“Happiness consists not in having much, but in being content with little” – Marguerite Gardiner
Admitedly, Miss Hoggy wasn’t a happy camper when she was told that her services as a teacher was no longer needed in the Republic of Georgia. She cried for days, screamed unfair, and naturally, she didn’t have the heart to stay in Georgia any longer. How could you ever be contented that you were denied the chance to do what you love, especially after you’ve fallen in love with it?
Being grumpy and teary, she wasn’t the best person to be around: tearing up in classroom, being depressed around her host family, having her host mum worried over her, she then decided to use the seven days she was given to wrap up in school to wrap up her Caucasus journey in neighbouring Armenia.
Yerevan, the capital of Armenia is surprisingly only six hours marshrutka away from Tbilisi. The journey there from Ortachala station was unexpectedly therapeutic: her spirit seemed lifted along the way, she seemed contented. Maybe it had to do with a lot of first times that had distracted her of the past days’ grief.
Here’s to Miss Hoggy’s first time:
- Being horribly carsick for the first time in her life.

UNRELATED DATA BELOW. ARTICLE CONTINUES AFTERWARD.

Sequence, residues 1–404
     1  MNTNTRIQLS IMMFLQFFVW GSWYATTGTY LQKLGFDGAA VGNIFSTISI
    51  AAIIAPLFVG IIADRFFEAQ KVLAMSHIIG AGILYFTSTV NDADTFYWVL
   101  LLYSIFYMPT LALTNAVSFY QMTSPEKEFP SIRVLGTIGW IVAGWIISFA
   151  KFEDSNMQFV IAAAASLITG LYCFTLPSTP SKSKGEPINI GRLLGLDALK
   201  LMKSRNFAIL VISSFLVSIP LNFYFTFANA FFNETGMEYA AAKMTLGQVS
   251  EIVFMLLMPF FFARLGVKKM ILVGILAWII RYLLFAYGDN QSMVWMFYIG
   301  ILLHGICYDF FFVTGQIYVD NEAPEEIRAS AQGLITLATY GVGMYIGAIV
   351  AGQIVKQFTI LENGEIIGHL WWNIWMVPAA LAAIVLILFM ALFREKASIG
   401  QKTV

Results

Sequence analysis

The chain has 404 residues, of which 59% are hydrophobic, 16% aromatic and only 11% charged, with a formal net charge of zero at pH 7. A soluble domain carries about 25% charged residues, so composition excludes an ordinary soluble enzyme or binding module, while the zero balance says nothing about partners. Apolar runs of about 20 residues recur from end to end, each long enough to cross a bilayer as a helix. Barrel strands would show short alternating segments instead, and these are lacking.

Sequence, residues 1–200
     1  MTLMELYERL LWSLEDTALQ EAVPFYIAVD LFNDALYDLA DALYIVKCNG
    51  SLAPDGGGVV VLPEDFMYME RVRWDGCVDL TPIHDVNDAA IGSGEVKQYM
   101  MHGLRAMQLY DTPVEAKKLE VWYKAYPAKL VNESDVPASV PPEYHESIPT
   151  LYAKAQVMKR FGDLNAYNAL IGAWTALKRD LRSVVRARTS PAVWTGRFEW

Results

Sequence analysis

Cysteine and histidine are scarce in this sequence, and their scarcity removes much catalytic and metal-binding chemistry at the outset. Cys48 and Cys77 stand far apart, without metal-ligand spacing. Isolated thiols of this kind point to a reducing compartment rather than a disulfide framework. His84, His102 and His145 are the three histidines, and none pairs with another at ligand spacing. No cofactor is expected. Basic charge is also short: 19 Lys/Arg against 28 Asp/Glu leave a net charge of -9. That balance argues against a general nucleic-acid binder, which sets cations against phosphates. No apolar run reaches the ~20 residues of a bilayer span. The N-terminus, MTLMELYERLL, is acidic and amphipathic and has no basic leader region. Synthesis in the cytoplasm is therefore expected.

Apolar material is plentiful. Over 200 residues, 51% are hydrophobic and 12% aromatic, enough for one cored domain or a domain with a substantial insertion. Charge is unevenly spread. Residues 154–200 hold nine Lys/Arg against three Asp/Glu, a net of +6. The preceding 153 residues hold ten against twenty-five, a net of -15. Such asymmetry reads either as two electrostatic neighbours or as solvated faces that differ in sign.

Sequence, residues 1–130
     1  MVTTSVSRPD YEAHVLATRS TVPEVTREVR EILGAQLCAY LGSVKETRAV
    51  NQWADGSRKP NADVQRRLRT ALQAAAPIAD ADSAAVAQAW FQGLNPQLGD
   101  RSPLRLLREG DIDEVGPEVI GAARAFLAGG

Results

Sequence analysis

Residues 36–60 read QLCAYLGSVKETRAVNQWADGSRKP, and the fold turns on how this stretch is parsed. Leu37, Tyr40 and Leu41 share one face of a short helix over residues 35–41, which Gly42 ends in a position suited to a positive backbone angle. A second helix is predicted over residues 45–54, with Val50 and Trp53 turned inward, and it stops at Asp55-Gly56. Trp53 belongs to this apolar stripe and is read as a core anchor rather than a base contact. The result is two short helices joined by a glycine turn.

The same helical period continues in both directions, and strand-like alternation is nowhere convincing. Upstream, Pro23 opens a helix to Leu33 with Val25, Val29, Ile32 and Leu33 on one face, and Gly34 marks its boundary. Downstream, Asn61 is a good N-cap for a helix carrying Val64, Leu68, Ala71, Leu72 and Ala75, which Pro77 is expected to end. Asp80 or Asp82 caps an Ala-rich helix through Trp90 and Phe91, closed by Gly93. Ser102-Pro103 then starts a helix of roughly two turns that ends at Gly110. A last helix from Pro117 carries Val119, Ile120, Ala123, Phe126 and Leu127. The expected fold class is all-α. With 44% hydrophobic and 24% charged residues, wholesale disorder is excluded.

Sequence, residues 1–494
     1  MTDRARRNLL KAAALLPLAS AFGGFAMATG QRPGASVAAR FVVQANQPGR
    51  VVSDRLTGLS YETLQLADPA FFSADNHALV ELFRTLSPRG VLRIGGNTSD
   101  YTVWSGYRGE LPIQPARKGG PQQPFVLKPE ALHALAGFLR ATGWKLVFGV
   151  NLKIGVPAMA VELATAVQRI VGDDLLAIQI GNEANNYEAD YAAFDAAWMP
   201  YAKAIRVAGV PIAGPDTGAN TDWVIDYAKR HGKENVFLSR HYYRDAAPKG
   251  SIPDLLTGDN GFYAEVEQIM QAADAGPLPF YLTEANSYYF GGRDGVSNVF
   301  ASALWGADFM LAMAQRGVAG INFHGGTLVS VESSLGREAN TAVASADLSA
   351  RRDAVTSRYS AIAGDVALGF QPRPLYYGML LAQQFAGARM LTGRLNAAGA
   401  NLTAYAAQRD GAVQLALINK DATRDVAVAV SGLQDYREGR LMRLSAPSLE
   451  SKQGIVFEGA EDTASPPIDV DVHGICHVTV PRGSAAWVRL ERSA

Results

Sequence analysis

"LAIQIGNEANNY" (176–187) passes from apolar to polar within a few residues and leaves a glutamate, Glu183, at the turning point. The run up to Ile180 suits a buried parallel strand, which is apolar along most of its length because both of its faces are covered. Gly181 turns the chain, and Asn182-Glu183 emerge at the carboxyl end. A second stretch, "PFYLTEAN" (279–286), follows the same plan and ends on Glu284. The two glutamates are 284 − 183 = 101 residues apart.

- Being stuck in her seat in a really overcrowded marshrutka. She literally had to climb into her seat.
- Being fed freshly baked lavash by lovely Armenian locals. And it was so steamingly good in the wintry cold.
- And the big one, seeing snow for the first time in her life. Not just any measly snow flakes, it’s a whole bunch of snow.
Well, laugh all you want. You just don’t see that kind of snow in Melbourne. Well, you can, you just have to drive up to the mountain. But that’s beside the point. The yummy bread, the kindness of the locals, the beautiful snowy landscape has made her realised that simplest things in life is enough to make her squeal like a five-year-old, enough for her to be content with. That’s all you ever need to know, that… that is true happiness. Merci, Armenia.
Oh, she totally forgot to tell you that you can greet in French in Armenia. Come back next week for Made in Armenia.
Raise your glass to Liane, again. Because her pictures were nicer.